Don’t get bogged down by guilt or regret. Take control of your life and be the best parent you can by being present and engaged with them on a daily basis.

11. Answer Questions Honestly

Your kids may have questions about why their home situation is different from many of their friends. When asked, don’t sugarcoat the situation or give them an answer that is not accurate.

Depending on their age, take this opportunity to explain the truth of what happened and how the current circumstances came about. Not all families have two parents, whether that is due to divorce, death, or whatever else life brings.

Don’t give more detail than necessary or talk badly about the other parent. But strive to be truthful and honest. Your children will benefit more from your candor than a made-up story.

12. Treat Kids Like Kids

In the absence of a partner, it can be tempting to rely on your children for comfort, companionship, or sympathy. But your kids are not equipped to play this role for you.

There are many details within an adult relationship that children are not able to understand or process, and it will only cause confusion and resentment.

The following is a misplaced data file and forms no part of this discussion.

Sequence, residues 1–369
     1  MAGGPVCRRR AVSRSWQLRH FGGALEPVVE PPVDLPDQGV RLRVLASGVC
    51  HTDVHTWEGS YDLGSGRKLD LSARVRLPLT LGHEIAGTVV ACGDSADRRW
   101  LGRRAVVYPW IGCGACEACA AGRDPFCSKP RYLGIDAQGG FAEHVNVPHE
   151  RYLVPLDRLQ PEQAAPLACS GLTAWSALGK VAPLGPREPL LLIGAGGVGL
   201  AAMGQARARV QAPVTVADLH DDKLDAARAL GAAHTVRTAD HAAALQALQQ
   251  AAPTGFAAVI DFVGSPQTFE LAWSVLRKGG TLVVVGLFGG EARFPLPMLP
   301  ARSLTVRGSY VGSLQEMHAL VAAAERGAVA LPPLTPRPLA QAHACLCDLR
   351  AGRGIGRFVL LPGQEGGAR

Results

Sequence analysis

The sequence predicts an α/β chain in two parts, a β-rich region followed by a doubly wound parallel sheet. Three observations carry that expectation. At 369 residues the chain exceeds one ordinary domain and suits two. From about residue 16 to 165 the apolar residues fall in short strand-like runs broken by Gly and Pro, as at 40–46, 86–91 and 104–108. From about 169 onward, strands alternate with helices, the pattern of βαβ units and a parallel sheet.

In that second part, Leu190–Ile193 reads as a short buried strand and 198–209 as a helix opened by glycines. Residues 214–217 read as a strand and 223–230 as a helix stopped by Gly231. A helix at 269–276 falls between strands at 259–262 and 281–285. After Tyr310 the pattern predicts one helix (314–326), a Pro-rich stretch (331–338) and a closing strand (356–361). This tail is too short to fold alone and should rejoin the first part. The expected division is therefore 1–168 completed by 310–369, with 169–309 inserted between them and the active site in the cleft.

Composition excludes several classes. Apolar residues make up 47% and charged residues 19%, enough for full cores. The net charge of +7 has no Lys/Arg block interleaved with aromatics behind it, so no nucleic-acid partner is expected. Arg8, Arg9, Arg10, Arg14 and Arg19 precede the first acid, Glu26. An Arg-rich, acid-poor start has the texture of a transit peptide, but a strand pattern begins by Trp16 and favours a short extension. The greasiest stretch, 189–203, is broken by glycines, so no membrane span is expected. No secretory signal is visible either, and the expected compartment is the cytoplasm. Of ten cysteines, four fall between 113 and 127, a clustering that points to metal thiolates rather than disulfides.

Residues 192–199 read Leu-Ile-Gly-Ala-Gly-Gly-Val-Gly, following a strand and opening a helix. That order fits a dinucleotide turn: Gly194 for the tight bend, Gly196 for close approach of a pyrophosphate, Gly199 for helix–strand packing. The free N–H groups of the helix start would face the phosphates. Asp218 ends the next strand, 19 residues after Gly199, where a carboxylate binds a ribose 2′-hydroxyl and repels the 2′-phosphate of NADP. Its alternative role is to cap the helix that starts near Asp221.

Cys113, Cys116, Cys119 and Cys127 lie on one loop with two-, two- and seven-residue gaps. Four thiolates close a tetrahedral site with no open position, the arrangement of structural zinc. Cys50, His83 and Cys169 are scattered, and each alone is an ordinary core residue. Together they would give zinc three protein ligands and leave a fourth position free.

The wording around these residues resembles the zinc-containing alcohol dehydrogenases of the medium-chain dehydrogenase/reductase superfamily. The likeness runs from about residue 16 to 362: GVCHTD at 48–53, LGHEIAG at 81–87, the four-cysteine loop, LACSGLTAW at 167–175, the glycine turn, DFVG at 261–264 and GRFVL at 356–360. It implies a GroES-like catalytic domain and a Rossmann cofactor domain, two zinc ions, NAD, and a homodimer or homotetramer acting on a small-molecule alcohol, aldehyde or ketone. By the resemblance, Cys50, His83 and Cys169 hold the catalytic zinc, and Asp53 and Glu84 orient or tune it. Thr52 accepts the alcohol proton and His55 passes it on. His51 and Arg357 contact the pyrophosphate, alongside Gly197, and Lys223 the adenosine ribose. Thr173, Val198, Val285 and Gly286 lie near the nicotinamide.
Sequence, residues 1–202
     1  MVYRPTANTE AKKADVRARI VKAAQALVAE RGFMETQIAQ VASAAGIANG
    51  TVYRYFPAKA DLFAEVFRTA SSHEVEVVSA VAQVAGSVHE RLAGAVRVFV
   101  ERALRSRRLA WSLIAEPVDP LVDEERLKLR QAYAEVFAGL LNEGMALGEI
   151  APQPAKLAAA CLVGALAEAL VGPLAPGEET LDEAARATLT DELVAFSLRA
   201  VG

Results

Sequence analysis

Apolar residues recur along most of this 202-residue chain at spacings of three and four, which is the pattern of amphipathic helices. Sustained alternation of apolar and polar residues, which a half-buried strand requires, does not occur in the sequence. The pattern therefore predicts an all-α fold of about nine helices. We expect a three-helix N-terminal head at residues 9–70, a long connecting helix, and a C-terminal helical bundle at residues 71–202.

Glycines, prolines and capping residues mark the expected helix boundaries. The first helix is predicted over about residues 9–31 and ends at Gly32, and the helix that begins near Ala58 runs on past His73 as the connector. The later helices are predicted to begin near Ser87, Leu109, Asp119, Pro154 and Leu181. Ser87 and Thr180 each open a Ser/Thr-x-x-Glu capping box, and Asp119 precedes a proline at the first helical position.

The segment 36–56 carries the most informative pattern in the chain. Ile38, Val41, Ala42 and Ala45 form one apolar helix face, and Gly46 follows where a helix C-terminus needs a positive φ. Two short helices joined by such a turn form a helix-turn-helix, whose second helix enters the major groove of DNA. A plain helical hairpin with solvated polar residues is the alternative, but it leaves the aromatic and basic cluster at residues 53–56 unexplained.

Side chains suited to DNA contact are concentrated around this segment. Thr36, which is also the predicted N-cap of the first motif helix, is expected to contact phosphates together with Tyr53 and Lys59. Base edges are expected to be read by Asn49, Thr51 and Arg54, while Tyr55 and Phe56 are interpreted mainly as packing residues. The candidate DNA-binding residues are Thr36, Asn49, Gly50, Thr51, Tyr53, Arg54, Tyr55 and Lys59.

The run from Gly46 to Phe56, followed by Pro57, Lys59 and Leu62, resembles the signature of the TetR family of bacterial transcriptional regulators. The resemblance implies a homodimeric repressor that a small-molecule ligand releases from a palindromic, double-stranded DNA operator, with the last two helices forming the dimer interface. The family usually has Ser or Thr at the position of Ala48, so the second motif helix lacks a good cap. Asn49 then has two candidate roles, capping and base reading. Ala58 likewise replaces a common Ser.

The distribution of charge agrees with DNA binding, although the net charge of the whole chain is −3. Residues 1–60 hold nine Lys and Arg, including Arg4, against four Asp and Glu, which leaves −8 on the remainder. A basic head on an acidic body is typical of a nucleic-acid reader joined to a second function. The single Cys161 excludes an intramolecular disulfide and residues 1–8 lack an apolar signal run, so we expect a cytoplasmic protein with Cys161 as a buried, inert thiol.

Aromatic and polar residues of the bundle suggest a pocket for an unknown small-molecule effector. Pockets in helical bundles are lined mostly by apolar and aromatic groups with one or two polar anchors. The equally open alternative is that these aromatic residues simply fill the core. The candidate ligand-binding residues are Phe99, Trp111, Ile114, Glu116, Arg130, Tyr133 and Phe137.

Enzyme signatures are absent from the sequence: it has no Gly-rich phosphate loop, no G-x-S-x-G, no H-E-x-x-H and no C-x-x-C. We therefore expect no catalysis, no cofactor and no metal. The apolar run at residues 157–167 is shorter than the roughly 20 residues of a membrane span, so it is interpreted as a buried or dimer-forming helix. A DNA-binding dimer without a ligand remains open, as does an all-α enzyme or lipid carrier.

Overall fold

Do not take out your anger on your kids. Separate your emotional needs from your role as a mother. If you find yourself depending on your kids too much, look for adult friends or family members that you can talk to about your issues.

13. Find Role Models

Find positive role models of the opposite sex for your child. It’s crucial that your child does not form negative associations with an entire gender of people.

Find close friends or family members that would be willing to spend one-on-one time with your kids. Encourage them to form meaningful relationships with people that you trust and that they can look up to.